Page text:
Thinking about writing Vows on your own ?
Find a quiet place to reflect on your relationship with your significant other, when did you first meet ? How did you feel when you first saw him/her ? Let these emotions inspire you as you write your vows. Below are questions to consider while writing :
- Why did you decide to get married?
- What hard times have you gone through together?
- What have you supported each other through?
- What do you want to accomplish together?
- When did you realize you were in love?
- What do you most respect about your partner?
- How has your life gotten better since meeting your mate?
- What about them inspires you?
- What do you miss most about them when you're apart?
- What qualities do you most admire in each other?
Come up with something you promise to do each day or promise to do in the future.
This is the whole purpose of writing Vows and reciting them to each other , "Include promises that are broad in scope, such as 'I promise to always motivate you,' also something very specific to the two of you, like 'I promise to say "I love you" every night even if you are away on a business trip.
Write everything out and start structuring a speech:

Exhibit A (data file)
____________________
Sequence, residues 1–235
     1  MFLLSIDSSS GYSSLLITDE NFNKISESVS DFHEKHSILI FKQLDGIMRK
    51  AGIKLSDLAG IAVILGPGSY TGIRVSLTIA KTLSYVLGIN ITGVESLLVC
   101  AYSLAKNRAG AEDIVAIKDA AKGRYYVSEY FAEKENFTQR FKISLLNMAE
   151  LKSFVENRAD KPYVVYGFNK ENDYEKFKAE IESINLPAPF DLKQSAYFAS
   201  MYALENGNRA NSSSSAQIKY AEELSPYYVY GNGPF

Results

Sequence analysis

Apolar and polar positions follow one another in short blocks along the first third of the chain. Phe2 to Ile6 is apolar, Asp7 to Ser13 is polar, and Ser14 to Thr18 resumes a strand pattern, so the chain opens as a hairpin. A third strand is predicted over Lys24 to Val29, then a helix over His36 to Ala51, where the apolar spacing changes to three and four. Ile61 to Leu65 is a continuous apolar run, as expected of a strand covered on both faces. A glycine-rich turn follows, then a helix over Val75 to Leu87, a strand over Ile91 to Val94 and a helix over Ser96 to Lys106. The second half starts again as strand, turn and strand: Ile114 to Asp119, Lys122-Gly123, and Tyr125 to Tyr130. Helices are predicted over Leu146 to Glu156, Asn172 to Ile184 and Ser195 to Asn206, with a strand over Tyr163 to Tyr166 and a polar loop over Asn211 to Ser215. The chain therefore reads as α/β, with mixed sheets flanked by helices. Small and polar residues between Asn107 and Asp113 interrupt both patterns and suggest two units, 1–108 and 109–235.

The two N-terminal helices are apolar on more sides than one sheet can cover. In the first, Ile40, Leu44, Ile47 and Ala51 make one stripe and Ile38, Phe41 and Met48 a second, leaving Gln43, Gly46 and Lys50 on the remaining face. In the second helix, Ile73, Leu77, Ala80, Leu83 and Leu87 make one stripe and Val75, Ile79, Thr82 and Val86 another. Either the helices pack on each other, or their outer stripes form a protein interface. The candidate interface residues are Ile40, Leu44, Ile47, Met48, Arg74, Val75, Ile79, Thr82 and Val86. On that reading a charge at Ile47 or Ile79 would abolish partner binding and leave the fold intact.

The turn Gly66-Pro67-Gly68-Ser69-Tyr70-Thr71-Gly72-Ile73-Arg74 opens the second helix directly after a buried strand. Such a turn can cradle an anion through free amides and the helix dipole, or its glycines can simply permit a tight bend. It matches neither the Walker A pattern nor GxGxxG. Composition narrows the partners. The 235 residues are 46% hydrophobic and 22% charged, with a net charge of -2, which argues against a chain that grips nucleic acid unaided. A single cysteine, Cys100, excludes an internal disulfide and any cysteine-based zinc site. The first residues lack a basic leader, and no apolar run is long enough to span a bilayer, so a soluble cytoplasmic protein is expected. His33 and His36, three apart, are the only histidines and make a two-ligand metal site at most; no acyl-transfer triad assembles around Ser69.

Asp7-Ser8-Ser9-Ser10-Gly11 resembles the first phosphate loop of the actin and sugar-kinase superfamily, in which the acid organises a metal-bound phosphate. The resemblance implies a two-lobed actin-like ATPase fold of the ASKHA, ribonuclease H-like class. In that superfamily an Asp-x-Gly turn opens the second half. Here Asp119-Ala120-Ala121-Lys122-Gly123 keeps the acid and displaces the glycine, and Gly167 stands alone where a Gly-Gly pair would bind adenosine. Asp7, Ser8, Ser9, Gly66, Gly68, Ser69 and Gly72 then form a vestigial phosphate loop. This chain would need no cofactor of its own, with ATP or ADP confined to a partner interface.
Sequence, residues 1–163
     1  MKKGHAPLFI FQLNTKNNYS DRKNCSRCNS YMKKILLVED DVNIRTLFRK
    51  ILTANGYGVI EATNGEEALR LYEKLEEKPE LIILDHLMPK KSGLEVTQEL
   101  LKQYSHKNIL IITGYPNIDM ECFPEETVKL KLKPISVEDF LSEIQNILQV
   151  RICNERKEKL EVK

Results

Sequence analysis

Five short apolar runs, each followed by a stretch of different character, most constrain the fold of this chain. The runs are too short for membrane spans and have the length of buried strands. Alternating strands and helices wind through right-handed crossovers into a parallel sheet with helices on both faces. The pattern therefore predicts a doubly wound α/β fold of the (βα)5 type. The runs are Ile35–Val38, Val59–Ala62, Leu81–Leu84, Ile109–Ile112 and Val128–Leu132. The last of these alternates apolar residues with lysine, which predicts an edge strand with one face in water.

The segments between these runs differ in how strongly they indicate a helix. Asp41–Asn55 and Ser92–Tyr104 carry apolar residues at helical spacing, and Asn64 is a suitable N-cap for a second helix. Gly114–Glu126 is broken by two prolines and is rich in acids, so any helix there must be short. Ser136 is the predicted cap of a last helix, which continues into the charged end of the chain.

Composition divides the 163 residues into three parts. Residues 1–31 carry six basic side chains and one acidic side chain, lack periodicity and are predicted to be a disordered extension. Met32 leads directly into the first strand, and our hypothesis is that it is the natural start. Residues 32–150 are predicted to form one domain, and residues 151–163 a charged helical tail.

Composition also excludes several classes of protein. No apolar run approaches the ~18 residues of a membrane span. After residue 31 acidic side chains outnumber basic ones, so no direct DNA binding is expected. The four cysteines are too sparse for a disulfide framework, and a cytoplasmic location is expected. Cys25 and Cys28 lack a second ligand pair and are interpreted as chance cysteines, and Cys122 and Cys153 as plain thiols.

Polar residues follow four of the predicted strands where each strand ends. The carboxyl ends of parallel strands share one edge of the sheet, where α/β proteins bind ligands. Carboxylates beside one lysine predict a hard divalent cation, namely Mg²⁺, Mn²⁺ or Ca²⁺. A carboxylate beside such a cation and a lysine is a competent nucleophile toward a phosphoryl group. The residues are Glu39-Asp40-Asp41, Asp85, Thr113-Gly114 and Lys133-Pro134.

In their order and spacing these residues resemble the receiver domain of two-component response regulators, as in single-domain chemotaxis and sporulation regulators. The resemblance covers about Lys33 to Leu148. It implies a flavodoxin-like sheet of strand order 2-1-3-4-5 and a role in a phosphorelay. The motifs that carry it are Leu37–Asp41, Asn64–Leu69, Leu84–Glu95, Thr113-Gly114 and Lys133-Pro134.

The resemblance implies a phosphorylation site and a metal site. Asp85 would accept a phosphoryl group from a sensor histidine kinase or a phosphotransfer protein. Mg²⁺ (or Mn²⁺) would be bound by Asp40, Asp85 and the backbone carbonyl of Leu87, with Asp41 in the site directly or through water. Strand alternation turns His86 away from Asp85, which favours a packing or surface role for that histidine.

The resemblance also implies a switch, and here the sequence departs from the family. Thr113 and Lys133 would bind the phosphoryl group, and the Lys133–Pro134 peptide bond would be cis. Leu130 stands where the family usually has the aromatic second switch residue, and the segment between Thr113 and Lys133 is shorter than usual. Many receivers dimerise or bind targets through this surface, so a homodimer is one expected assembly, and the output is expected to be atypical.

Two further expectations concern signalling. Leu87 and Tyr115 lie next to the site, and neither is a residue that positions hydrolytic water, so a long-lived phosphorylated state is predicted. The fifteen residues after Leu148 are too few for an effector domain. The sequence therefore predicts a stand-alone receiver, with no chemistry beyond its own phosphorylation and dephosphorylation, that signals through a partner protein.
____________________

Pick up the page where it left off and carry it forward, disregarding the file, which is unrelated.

You have all your bullet points now, it's time to try to make it all flow together and to write a first draft, probably the first of many. Affirm your love, uplift your partner, offer promises and close with The final vow. Write this almost in the format of an essay ,where you write a short love story, then come back to it at the end.
Do away with Cliches:
You have a first draft or two, it's time to make edits. Borrow from poetry, books, religious and spiritual texts, even from your favorite romantic movies, but try not to let someone else words compete with your own, Remember that your vows need to sound like they come from you and that they define your relationship.
It's your wedding day and family,friends and loved ones are present to hear you solidify your bond, so be aware that everyone wants to feel included in this moment. That means putting a cap on inside jokes, deeply personal anecdotes and obscure nicknames or code words. If you are not sure and trust a best man or maid of honor to read it aloud back to you, hearing your words may help you revise your vows, and get the feel for how something comes across, ask for their feedback as well if you feel comfortable.
Fight the urge to write a novel :
Vows are so important, but they should not run on and on where someone will have to eventually cue the music. Say all the meaningful things and then wrap it up. This is also why reading it aloud will help you edit, if you run over two minutes, it's time to edit. If you have more to say , write it in separate message with a gift and have it delivered to your fiance on the day of your wedding.
You've written epic vows, you have tears in your eyes from crying or laughing, either is good.
Now read it aloud with her or him in mind and rest easy that you have one more thing checked off your wedding list.